I wrote this back when I had a mail carrier that came to my house. I no longer have that luxury. But the concept below still applies.
We all know that cats chase mice. Raccoons steal garbage. Monkeys eat bananas. Birds poop on heads. There are plenty of comical and stereotypical clichés that exist to crystallize the genetic nature of many animals. Take the classic: Dogs hate cats. How many old Looney Tunes cartoons featured this premise? As a kid I thought this was undoubtedly true. The first time I saw a platonic dog-cat interaction I was flabbergasted. Surely, this is an anomaly and scientists should be called in to investigate. Then I saw it again. And again. Now I know that rivalry isn’t as concrete as I used to believe. Their hatred for each other — originally conveyed as some sort of Hatfields vs. McCoys rivalry — is just a bad rap.
There is another battle of a similar nature that I think may also be more psychological than biological. The age-old Dog vs. Mailman.
My dog Rufus is the protector of the house regardless of how truly un-intimidating he is. He’s only 10 pounds and thinks he’s much more imposing of a presence than reality dictates. Please don’t tell him. We just let him go with it. While he might not be a brutish hulk of canine fury he compensates for it with his wits. For instance, he knows I don’t like blackbirds in the yard so he’s quick to chase them off — yet he leaves the other birds in peace since I like them and feed them. Smart, right?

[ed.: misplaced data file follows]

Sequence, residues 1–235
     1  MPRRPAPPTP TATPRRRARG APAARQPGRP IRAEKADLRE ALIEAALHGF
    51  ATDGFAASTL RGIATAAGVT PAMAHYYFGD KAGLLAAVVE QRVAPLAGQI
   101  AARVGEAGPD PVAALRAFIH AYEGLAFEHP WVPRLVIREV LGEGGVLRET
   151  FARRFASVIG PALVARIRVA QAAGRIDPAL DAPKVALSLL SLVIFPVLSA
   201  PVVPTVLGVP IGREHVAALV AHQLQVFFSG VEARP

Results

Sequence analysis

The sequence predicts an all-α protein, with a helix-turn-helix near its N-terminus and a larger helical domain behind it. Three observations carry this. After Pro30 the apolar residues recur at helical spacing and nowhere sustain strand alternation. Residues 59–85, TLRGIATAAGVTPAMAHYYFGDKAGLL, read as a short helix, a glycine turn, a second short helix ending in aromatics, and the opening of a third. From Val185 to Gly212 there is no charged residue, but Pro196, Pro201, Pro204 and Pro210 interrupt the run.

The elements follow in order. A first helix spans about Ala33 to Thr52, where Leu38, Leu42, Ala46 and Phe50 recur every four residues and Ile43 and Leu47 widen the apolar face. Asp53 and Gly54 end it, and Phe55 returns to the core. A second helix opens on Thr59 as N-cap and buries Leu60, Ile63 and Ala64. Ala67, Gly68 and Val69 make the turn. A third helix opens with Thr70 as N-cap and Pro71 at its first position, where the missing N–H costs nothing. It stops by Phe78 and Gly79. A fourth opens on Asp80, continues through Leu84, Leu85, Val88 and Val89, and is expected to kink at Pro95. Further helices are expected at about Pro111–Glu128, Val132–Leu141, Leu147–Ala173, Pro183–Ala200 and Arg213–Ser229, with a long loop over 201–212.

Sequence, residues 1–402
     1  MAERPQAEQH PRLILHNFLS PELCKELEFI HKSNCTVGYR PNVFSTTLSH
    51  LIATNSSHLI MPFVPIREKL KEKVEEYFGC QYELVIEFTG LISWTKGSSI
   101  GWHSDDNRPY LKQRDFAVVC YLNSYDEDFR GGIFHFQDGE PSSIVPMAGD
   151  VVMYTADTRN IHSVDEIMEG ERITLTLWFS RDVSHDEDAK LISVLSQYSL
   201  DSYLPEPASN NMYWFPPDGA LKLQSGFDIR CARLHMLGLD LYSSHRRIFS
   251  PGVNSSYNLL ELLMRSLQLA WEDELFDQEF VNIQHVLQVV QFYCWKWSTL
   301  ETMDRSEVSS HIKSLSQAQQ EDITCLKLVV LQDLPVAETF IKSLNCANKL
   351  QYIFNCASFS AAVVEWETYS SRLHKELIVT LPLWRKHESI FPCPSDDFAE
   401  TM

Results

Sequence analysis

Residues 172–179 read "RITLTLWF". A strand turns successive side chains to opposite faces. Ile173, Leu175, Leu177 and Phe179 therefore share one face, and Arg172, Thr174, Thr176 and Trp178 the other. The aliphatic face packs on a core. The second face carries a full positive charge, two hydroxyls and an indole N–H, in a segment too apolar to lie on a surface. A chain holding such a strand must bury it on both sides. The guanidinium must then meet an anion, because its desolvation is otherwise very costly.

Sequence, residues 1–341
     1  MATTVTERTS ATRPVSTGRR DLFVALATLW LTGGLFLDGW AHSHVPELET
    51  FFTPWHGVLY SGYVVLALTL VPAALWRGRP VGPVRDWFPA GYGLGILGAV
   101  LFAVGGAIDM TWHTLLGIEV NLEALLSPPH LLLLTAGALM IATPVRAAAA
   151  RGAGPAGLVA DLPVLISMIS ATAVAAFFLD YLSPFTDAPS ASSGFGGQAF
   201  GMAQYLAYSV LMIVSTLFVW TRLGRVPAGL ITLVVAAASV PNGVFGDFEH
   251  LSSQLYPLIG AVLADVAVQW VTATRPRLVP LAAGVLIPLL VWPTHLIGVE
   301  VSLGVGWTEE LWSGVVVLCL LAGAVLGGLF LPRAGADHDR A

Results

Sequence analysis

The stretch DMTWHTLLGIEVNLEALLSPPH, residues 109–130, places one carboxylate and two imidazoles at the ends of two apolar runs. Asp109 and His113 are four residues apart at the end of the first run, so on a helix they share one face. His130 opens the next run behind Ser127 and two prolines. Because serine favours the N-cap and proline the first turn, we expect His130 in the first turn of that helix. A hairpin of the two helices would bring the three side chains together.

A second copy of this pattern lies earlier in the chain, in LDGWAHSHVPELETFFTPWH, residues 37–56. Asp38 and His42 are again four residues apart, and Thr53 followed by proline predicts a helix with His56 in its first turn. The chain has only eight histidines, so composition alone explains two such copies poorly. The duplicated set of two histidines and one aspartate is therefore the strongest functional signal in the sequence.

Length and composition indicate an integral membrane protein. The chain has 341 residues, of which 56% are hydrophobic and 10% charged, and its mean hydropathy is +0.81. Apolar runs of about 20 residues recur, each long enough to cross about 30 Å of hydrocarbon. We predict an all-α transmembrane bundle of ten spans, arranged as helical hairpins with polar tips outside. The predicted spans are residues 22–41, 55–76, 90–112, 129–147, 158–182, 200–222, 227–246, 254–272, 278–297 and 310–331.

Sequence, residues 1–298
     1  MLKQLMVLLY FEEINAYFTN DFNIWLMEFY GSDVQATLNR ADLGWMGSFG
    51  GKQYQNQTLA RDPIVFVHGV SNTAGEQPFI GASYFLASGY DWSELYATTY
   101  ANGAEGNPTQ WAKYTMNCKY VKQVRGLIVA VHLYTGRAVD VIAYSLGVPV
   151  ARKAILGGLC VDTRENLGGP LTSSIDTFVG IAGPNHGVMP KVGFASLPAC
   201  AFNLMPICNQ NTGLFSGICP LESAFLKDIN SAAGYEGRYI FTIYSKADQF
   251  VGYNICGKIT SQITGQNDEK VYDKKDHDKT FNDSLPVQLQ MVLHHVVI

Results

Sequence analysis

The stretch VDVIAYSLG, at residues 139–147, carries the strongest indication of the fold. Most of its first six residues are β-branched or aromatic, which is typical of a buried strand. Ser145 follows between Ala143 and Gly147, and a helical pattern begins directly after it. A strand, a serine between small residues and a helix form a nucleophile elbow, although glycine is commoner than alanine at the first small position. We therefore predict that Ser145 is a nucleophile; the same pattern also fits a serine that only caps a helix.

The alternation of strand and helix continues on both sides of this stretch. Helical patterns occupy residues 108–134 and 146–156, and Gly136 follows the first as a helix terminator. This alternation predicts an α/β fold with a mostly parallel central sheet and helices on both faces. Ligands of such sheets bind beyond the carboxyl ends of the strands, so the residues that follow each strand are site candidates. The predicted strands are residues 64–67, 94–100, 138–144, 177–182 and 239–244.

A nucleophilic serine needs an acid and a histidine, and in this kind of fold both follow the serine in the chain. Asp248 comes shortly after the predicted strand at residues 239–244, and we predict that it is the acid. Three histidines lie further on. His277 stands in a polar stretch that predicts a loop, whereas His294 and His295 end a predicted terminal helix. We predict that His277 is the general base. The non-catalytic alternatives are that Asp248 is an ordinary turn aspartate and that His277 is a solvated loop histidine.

So consider the mailman from Rufus’ eyes. Every single day this strange person comes right up to the door of my house. Thinking in dog terms, the door is a place that turns into a hole that lets people come in where they usually scratch behind his ears and give out snacks. Indeed, people Rufus likes come through at that very spot.
But then there’s this person with the big bag…he/she is never allowed entrance. Every day they try and every day they fail. There must be a reason. Simple dog logic points to the fact that they must not be invited. And if they’re not invited, then they’re not supposed to be around. And after quickly going through those steps in his mind, it just makes sense to Rufus that this person is villainous. Thus, they are an enemy. And enemies get barked at. They get driven away. It’s Rufus’ job to do this.